Saturday, April 25, 2009

Carnavalito Update

A lot of free solar energy didn't seem to hurt Durham's Earth Day Celebration this afternoon, where Carnavalito played in 80-90 degree temperatures. The Triangle's first Latin band demonstrated today that it is still one of the finest.

I really didn't do Alberto Carrasquillo justice in this clip; what you hear is just the denouement of his trumpet solo. He has been on fire lately, and was totally killin' it as I fumbled for my camera (doh). Still, a nice update of what Carnavalito can do, and still does, on a regular basis. I was on time for Serena Wiley's saxophone solo, and a nice little rumba embellishment at the end of the arrangement. This is probably my favorite tune in their current/updated book, which ranges to merengue, son montuno, deep cha fusion, cumbia and Latin jazz. Phil Merritt on piano, Pako Santiago on timbales, Atiba Rorie on congas and leader Ricardo Granillo on bass were all feeling the fire.

Believe it or not, when Carnavalito's first CD "dropped" in 1995, music journalist and historian Max Salazar was here--here, in Raleigh-Durham, North Carolina--for the release party. (I have proof positive of this on VHS! Courtesy of Salsa Carolina founder Jim Spier.) I am not sure why I was not at this affair in person, perhaps my salsa nightlife career was still in its salad days. In any case Salazar, author of Mambo Kingdom: Latin Music in New York, a 2002 compilation of his columns over the years in Latin Beat magazine, recognized Carnavalito as a carrier of the true spirit of la música.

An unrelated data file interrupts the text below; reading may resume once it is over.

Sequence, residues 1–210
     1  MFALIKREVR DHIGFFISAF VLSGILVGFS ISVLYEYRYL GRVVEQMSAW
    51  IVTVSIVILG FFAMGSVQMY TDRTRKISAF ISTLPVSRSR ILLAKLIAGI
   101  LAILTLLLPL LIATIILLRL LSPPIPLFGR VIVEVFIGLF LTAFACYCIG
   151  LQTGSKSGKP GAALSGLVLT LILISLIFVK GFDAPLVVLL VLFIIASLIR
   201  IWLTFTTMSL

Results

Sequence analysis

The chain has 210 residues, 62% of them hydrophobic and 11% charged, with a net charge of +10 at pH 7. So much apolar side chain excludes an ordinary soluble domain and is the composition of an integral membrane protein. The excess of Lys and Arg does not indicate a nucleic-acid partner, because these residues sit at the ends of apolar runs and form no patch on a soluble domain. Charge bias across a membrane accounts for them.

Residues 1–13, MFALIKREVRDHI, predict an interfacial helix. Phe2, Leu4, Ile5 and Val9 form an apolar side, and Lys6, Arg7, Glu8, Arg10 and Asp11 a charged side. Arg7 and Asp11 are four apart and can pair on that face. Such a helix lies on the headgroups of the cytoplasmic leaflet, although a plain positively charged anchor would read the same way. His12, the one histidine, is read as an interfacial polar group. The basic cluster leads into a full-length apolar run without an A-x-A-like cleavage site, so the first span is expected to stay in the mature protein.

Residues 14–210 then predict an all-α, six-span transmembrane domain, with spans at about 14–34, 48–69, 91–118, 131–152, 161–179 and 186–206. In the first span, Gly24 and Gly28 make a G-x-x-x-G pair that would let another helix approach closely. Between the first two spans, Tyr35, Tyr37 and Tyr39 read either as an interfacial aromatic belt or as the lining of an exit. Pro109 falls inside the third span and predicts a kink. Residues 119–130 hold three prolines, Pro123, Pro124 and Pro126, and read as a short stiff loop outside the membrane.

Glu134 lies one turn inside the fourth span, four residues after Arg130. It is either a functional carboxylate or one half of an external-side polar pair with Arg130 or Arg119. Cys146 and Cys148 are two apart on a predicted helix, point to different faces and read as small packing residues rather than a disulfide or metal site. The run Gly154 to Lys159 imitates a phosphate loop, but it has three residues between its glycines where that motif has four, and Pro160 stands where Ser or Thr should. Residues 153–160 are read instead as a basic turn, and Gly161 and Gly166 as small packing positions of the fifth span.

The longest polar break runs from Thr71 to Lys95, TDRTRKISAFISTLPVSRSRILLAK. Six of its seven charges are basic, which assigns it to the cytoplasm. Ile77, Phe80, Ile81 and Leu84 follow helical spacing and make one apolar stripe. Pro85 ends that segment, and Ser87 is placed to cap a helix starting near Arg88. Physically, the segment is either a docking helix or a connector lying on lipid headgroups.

Let me tell you, musicians don't get rich making a lifelong side career out of playing local/regional gigs. God bless you men and women who do this, year in and year out, for what the music gives to you. It makes our communities richer places and draws in newcomers (like me, back in the day) to the mystical, expansive, universal tradition of Latin music. This music was a survival toolbox for the ancestors who forged it, and it remains so today, a spiritual fountain for anybody who approaches it to drink. That's how I feel about salsa and Afro-Caribbean music. And it's not just because of records from faraway times and places, but because of a lot of local culture bearers who made this tradition accessible to me. I venerate all the musicians who have shared their talent with us over the years and continue to do so, literally, in good times and in bad. It ain't easy. But you know it means a lot.

Correction: Max Salazar attended Carnavalito's first CD-release party, not their second as incorrectly stated earlier. The post has been updated to reflect this correction.

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